Recently, a 6-year-old girl living in San Francisco with her family was struck and killed by a Honda driven by Syed Muzaffar while he was logged on to the transportation app called Uber. Police arrested and charged Muzaffar with vehicular manslaughter, gross negligence, and failure to yield to pedestrians in a crosswalk. For the Lius, however, that wasn’t enough. The Liu family is suing Uber for wrongful death.
Burying a child is a pain that no parent should have to endure. This is especially true when the child dies because of the wrongful act or omission of another person. When this occurs, the parents or guardians of the child can bring a wrongful death lawsuit against the liable parties. Here’s what you need to know:
Statutory eligibility — Under Indiana’s statute for wrongful death of a child, a “child” is defined as:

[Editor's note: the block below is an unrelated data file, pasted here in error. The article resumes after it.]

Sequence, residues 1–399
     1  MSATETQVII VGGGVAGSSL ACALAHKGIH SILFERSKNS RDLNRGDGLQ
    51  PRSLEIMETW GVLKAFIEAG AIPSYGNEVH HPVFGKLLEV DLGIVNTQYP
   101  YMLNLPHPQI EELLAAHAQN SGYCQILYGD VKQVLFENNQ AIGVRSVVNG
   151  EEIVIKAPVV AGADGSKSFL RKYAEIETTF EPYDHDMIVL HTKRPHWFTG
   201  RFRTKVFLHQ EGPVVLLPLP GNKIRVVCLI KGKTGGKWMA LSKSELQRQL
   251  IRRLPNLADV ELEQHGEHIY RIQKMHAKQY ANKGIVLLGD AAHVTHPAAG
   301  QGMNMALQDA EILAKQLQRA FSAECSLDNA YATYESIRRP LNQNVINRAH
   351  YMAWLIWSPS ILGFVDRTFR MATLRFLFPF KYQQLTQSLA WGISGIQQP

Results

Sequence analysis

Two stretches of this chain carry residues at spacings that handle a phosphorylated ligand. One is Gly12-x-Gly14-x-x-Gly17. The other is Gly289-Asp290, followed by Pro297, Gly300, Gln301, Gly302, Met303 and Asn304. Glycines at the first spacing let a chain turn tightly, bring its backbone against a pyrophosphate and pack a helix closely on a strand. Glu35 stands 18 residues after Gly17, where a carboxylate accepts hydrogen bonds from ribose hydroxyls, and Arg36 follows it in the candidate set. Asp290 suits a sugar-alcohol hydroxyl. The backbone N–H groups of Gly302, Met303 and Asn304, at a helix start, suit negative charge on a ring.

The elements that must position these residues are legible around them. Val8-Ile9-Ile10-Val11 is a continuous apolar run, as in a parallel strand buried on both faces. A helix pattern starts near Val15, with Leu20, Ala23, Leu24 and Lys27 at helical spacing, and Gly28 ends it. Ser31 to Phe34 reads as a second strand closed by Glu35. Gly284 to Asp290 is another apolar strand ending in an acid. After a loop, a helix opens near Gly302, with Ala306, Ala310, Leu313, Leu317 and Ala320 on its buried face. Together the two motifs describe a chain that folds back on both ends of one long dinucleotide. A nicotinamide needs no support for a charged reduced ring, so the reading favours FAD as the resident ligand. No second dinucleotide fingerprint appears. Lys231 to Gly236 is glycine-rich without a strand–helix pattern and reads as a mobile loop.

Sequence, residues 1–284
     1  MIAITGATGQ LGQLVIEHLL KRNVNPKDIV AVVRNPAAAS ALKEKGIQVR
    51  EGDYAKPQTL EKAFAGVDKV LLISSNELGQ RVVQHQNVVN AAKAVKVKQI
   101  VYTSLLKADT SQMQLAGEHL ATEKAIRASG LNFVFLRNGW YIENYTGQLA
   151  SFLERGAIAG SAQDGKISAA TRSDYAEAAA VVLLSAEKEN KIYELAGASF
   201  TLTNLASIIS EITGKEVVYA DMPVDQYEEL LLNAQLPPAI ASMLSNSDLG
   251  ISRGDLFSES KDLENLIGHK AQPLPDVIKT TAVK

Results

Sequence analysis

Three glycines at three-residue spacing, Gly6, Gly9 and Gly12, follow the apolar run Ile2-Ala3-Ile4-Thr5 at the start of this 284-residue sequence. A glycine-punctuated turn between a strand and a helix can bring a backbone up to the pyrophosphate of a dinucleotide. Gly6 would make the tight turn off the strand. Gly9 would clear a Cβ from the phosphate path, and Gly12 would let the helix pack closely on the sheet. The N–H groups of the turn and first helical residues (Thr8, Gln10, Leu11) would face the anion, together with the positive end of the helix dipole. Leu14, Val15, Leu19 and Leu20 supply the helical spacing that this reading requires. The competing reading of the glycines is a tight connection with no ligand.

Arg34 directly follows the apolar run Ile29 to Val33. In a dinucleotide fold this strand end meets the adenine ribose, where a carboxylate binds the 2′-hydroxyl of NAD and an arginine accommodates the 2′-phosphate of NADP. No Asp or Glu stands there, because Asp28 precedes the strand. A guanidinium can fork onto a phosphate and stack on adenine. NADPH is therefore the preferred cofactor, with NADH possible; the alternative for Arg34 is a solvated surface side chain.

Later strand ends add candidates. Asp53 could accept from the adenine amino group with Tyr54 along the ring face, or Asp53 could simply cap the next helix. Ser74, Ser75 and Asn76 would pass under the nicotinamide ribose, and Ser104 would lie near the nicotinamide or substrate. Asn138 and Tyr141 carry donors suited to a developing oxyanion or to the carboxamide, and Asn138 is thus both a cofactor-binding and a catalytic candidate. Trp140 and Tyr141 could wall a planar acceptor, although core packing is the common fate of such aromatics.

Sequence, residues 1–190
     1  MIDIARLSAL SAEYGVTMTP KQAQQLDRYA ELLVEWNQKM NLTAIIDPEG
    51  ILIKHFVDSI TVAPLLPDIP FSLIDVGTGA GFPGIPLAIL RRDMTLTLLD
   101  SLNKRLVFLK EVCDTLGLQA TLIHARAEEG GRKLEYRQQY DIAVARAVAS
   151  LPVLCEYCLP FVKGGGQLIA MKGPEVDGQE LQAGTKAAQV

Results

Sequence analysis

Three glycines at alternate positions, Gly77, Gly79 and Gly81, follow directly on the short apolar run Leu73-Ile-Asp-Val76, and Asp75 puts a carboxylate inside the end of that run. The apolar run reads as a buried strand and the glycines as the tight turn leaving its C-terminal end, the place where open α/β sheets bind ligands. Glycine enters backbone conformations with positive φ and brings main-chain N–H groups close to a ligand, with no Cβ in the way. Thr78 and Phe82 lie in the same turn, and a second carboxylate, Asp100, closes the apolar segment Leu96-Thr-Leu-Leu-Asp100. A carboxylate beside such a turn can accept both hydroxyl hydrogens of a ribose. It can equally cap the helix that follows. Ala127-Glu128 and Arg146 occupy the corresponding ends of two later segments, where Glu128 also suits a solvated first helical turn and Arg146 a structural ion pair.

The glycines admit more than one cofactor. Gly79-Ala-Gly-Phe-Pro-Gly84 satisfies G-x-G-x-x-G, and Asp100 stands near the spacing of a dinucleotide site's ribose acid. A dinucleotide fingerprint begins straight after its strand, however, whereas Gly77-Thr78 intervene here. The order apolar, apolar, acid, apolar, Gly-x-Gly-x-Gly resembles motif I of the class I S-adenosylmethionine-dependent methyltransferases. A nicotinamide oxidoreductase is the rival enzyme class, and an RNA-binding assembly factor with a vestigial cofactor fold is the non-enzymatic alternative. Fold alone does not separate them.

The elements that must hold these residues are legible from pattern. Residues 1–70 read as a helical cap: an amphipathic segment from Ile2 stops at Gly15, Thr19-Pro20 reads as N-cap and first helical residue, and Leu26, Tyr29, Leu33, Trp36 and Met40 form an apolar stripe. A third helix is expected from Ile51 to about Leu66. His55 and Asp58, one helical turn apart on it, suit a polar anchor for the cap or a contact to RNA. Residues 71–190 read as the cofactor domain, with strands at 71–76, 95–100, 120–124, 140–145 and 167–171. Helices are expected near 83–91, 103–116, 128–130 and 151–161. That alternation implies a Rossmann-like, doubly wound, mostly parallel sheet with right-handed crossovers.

- An individual who is under the age of 20 and not married
- A student who is under the age of 23 and not married
- A viable fetus
Potential damages — In a lawsuit for the wrongful death of a child, you may seek compensation for:
- Hospital and other medical expenses
- Burial and funeral costs
- Loss of companionship and love
- Loss of the child’s services
- Mental health counseling for the parents and minor siblings
Statute of limitations — Generally, a lawsuit for the wrongful death of a child must be filed within two years of the date of the child’s death. If the lawsuit is filed after the two-year statute of limitations expires, the surviving parties may be barred from recovering damages.
If your child was killed because of another person’s wrongful act or omission, contact a California wrongful death attorney. At the Steven P. Roberts, we fight hard to obtain compensation for those affected by wrongful death. Contact our office today to discuss your situation.